From the report: “Community Revitalization Levy revenue and/or expense variances may change throughout the year as work progresses and financial impacts become more certain.” Here’s the status of our three CRLs:
- The Belvedere CRL is projected to end 2015 with a deficit of $0.4 million and a cumulative deficit balance, since inception, of $5.8 million. It’s not expected to have an annual positive net position until 2023.
- The Downtown CRL is projected to end 2015 with a deficit of $4.6 million and a cumulative deficit balance, since inception, of $8.2 million. The Downtown CRL is expected to have an annual positive net position from 2019 onward, but we’ll still be playing catchup until 2022.
- The Quarters CRL is projected to end 2015 with a surplus of $3 million and a cumulative deficit balance, since inception, of $5.9 million. The report says the Quarters CRL is “performing better than forecast” in the original plan, and should be in a positive position as of 2024.
You can learn more about CRLs here.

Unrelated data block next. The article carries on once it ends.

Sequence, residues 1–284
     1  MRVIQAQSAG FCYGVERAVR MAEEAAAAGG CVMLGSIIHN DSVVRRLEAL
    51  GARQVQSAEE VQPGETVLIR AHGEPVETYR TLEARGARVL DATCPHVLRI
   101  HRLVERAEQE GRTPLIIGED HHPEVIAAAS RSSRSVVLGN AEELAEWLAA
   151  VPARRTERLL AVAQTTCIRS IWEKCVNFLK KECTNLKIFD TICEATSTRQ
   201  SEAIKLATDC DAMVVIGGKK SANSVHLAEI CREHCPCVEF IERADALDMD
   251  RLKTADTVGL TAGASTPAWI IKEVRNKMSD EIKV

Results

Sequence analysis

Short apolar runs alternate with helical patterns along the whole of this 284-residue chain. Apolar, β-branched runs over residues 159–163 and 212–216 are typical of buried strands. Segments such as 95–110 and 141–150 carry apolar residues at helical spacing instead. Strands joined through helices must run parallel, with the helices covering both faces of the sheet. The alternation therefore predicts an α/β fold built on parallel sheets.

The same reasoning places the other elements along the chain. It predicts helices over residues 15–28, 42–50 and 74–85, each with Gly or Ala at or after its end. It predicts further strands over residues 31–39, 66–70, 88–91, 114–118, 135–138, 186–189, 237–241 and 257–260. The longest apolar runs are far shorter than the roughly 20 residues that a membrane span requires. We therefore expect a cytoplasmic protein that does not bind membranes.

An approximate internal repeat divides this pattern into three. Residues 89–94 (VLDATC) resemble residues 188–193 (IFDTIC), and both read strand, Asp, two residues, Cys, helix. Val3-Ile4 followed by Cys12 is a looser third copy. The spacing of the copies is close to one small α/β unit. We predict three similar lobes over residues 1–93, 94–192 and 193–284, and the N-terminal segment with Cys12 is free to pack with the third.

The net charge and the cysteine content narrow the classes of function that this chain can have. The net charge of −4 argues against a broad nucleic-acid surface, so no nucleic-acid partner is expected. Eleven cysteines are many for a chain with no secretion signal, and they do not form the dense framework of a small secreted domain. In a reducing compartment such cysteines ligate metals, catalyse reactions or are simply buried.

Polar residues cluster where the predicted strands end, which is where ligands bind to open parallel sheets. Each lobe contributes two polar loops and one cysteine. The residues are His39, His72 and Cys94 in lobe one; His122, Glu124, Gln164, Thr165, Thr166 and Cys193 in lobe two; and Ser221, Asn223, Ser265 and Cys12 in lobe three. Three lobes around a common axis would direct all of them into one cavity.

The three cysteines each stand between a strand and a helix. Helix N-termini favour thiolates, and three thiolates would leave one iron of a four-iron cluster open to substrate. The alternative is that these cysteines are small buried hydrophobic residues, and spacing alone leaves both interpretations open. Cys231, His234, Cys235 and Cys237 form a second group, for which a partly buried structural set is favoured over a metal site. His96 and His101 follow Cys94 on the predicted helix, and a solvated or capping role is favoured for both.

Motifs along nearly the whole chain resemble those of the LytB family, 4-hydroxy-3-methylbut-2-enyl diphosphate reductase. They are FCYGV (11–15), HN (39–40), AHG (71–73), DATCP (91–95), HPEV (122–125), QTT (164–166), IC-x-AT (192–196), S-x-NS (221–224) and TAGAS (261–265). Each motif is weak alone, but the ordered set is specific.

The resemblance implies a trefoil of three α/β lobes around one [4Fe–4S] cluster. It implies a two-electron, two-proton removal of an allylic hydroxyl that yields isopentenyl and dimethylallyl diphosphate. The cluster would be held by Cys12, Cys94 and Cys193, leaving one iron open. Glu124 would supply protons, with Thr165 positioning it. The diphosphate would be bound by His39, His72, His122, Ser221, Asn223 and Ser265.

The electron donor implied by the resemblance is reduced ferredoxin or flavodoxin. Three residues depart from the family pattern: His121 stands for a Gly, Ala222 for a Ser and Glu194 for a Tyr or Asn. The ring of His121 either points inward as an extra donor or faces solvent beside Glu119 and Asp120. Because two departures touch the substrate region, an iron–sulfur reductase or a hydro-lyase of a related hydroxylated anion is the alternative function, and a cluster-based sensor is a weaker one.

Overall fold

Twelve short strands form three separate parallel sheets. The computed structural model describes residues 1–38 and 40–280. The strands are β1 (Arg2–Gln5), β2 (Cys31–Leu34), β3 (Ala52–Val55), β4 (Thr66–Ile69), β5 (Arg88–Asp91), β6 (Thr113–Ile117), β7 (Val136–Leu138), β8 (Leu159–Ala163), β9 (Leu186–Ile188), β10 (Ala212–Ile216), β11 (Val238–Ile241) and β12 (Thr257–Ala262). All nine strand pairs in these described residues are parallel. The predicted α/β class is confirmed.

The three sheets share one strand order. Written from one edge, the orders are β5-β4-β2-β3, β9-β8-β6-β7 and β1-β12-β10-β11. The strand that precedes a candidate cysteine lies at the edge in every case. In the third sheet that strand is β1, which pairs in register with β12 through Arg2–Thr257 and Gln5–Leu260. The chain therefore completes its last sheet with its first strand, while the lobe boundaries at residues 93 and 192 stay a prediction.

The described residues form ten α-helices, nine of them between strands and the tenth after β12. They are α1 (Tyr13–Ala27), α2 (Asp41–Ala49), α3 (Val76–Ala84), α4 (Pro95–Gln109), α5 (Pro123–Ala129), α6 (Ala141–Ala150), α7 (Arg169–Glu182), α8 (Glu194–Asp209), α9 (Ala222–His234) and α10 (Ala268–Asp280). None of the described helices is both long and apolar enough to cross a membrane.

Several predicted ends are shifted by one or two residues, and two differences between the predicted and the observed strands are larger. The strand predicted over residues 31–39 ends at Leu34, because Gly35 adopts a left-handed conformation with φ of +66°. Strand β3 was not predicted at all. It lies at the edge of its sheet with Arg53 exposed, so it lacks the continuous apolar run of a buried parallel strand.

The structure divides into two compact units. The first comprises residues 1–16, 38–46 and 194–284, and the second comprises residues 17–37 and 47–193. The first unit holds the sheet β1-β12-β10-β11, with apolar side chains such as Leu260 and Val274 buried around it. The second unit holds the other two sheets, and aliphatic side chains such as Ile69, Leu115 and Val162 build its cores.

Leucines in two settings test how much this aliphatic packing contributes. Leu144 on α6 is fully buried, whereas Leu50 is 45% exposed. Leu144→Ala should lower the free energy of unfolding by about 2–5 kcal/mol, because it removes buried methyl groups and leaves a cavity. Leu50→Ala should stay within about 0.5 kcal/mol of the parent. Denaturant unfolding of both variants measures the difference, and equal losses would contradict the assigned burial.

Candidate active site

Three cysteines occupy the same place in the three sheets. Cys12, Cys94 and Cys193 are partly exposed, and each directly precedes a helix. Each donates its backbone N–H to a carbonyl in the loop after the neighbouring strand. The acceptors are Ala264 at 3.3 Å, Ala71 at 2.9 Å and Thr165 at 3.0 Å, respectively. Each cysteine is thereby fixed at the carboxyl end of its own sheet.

There was a lot of discussion about Edmonton’s municipal debt during the municipal election back in 2013, which I wrote about here. At the time, our debt stood at about $2.2 billion or 53.4% of the MGA-allowed debt limit.
According to the latest figures, Edmonton’s debt currently sits at just over $2.9 billion and is expected to top $3 billion by the end of the year, which would be 59.3% of the MGA-allowed debt limit. Our debt servicing, which includes annual principal and interest repayments, is expected to reach 33% of the allowed limit for the year. The City has set more conservative limits than the MGA does:
“For 2015, debt servicing is projected to be 53.6% of the debt service limit for all borrowing and 70.6% of the limit for tax-supported operations, as defined under the City’s policy.”
The report notes that “the percentage of the debt servicing limit utilized increased significantly in 2015 and will increase again in 2017 due to the repayment of $60 million of short-term borrowing in each of 2015 and 2017.” Those repayments are for $120 million that was borrowed to fast-track capital expenditures for projects that were ultimately funded through MSI or the provincial fuel tax.
This report provides an update on financial results for the first six months of the 2015-2018 Capital Budget. Because we’re so early still in the four-year plan, most projects should be on-time and on-budget. The approved budget value is $7.9 billion, which includes carry-forward from 2014 and approved expenditures beyond 2018. The City has 448 active profiles with planned expenditures in this budget cycle.